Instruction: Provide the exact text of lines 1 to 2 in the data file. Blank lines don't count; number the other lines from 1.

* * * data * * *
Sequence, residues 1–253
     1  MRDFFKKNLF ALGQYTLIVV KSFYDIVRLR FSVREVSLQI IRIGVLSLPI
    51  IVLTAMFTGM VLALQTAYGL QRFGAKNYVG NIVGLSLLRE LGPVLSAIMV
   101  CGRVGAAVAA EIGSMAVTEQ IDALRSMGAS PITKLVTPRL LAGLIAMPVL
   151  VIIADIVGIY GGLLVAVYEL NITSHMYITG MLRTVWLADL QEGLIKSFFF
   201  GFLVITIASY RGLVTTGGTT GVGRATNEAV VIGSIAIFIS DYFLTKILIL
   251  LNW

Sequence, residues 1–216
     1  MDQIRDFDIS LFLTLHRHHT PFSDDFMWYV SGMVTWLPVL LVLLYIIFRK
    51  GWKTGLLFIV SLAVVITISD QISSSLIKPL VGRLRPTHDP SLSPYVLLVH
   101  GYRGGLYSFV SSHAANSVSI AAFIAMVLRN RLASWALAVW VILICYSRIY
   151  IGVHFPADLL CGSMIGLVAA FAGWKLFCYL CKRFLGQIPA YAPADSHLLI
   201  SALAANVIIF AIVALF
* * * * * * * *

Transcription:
Sequence, residues 1–253
     1  MRDFFKKNLF ALGQYTLIVV KSFYDIVRLR FSVREVSLQI IRIGVLSLPI